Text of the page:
Eating too close to bedtime can have a direct effect on your quality and quantity of sleep. In particular, eating right before sleep can throw off the body’s internal clock, called the circadian clock, which manages our sleep/wake cycles. Circadian rhythms can be described as the physical, behavioral and biological cycles the body follows in a day, and this rhythm is triggered by the periods of daylight and darkness. This rhythm not only affects humans, but impacts most every living thing, from plants to tiny microbes. The body’s master biological clock is located in the suprachiasmatic nucleus (SCN) in the hypothalamus portion of the brain. Circadian rhythms keep your digestive system moving round the clock, controls sleep patterns, and eating behavior. We, as humans, are unique in that we can shift our eating and sleep patterns based on convenience, work schedules, dietary needs etc.
When eating, sleeping or resting does not occur according to the circadian rhythms, cells get confused, chemicals and hormones get released at the wrong time. Fatigue and disruption to the balance of the sleep cycle is a negative byproduct of this. So timing is very important! Aim to eat your last large meal about three to four hours prior to going to bed. This gives the body plenty of time to digest and recover before it eases into sleep.
It’s not just the full stomach that poses a problem, but what you eat as well that can trigger sleep issues. First, a meal high in fat right before bed can cause bloating and discomfort. Spicy and fried foods can trigger heartburn or can cause gastroesophageal reflux disease (GERD). GERD is a condition in which the acid from the stomach comes up into the esophagus, causing irritation, regurgitation of food, a sore throat and difficulty swallowing. This irritation of the lining of the throat causes inflammation which tightens the airway making it smaller and more susceptible to collapse. Imagine how often you may be waking up feeling the effects of these symptoms and how disruptive it would be to your sleep quality. Eating late also aggravates Obstructive Sleep Apnea (OSA) and other sleep related breathing disorders (SRBD) by causing inflammation in the airway. This makes the airway smaller that creates more snoring and difficulty breathing. Why all the concern over inflammation? Chronic inflammation places our body and our immune system in a constant fight mode. Like little pac-man, our immune response defends the body and over time they start to eat up and cause damage to healthy cells and tissues too!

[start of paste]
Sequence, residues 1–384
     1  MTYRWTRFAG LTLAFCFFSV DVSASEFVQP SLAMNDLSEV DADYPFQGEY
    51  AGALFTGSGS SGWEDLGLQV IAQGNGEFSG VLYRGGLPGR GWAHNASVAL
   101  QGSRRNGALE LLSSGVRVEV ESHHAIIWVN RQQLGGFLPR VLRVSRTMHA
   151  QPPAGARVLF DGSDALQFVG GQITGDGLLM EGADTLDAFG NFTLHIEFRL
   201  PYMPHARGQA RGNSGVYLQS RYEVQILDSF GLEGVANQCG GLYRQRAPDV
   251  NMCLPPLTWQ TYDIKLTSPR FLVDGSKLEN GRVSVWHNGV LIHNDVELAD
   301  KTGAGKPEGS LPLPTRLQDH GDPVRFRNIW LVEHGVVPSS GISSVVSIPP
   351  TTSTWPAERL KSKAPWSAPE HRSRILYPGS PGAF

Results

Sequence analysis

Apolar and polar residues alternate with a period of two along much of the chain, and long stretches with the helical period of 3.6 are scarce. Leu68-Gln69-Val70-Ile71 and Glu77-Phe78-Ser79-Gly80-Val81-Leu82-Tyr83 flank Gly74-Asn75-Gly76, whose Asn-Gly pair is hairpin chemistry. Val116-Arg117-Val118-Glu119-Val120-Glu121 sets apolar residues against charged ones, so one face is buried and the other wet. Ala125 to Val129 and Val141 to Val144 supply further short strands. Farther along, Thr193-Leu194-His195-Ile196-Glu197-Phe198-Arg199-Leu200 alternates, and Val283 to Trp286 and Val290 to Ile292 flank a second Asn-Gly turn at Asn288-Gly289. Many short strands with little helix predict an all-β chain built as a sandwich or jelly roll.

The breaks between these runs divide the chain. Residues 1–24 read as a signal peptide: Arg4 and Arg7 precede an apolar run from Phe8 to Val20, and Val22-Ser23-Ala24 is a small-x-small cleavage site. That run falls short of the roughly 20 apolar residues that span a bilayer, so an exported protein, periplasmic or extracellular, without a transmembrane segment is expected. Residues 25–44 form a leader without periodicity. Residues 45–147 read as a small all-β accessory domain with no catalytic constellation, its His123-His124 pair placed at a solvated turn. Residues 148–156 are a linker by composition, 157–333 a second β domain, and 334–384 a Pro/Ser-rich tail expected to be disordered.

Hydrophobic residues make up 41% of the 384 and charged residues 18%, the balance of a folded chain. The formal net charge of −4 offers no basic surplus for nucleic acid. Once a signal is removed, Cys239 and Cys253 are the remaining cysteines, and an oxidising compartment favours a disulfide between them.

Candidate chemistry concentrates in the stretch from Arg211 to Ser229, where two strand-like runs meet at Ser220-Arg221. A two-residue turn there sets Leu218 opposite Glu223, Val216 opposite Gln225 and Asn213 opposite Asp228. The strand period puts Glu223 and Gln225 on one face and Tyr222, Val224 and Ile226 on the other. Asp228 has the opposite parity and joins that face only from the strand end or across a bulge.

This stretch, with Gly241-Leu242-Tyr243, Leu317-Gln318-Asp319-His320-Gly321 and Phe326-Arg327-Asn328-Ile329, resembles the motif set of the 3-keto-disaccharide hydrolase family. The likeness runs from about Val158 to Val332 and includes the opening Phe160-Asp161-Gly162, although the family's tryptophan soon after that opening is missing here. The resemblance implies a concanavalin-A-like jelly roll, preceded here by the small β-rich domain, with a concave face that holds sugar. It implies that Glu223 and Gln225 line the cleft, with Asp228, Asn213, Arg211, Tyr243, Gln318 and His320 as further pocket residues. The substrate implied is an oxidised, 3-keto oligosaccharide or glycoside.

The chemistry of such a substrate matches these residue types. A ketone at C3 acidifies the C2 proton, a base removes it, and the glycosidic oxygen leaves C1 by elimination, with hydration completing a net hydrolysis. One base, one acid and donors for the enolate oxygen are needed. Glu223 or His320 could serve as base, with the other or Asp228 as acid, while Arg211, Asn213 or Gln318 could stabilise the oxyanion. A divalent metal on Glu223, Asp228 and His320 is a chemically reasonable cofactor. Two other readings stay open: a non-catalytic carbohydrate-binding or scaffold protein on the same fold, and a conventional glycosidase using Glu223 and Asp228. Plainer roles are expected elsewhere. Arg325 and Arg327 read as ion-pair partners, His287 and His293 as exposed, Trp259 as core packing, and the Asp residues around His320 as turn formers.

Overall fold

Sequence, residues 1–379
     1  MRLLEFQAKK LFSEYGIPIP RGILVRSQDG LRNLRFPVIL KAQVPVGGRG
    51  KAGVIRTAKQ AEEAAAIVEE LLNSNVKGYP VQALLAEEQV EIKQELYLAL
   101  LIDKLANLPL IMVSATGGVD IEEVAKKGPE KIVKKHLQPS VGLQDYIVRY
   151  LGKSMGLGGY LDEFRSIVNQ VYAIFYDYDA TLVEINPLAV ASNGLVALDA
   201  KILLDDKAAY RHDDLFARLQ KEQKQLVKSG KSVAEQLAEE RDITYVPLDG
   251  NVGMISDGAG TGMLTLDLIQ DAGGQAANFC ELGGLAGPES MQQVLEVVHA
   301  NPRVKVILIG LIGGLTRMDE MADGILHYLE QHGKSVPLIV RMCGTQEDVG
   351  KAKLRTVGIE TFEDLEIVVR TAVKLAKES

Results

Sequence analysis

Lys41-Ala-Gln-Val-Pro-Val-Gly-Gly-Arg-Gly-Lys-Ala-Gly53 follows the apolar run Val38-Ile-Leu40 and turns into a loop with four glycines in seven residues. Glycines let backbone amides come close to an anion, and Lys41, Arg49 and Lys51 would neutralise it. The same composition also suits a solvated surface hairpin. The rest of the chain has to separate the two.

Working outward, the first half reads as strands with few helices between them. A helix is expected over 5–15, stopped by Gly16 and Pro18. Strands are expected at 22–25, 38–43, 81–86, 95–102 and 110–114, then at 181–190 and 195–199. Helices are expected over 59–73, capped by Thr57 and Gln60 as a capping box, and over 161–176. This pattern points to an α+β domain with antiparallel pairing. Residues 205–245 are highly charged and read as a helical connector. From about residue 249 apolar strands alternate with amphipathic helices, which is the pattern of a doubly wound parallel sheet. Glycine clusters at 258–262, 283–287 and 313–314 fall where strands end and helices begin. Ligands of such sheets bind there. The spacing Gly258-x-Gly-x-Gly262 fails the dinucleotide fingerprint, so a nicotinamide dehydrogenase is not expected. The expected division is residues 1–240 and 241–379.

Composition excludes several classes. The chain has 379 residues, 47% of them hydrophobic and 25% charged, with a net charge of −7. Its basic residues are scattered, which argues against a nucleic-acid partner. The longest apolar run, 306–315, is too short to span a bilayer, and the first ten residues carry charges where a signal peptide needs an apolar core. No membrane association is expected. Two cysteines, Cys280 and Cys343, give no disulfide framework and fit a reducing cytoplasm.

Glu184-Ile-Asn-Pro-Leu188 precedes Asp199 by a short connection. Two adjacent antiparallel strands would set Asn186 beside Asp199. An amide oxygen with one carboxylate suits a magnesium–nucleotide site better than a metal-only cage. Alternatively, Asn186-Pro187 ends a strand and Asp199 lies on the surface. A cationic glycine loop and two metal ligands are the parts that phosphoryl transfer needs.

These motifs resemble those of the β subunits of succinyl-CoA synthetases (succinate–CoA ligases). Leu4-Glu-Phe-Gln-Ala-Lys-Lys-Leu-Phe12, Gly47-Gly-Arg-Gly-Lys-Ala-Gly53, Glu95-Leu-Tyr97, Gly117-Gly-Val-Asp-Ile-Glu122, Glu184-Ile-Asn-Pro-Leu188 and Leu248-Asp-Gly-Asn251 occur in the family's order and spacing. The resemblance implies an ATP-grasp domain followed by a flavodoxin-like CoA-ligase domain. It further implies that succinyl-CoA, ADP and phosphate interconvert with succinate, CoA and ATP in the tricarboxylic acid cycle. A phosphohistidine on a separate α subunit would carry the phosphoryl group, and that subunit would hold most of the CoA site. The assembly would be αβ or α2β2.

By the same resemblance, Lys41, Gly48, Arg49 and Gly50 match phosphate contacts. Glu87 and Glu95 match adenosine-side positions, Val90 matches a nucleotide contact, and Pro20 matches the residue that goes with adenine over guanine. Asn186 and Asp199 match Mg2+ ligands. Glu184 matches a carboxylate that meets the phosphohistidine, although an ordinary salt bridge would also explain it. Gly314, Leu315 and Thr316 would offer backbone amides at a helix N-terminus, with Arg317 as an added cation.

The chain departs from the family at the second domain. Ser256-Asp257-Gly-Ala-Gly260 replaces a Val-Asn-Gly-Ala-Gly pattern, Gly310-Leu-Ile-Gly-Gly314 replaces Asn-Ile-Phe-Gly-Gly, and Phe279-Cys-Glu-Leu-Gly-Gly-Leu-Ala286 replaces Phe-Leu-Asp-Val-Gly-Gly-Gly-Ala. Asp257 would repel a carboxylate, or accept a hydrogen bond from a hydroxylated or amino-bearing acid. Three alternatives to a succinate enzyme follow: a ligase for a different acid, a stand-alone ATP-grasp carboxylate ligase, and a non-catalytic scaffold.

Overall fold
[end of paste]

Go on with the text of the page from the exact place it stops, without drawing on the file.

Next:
Sugar should be avoided as much as possible at any time any time of the day, but especially before bed. Sugar has been shown to reduce sleep quality leading to more restless, disrupted sleep as it is a major cause of inflammation in the body. Sleep and inflammation are both regulated by our circadian rhythms and are connected in such a way that when one goes awry the other tends to follow. Diets high in sugar mean you spend less time in deep, restorative phases of sleep (N3), which is the sleep stage that is imperative for healing of and restoring the body. For example, poor sleep will lead to increased inflammation in the body as it triggers a response from the sympathetic nervous system (SNS) and cortisol production. The SNS activates what is often termed the “fight or flight” response, which increases oxidative stress. This chronic, low grade inflammation is a predictor of many diseases such as cancer, heart disease, diabetes, obesity and immune issues. Conversely, inflammation leads to poor sleep. The cells that are released in the body in response to inflammation, called cytokines, play a role in sleep quality. Cytokines aid in regulating immunity and inflammation, and when they are elevated, they have been linked to trouble sleeping and insomnia.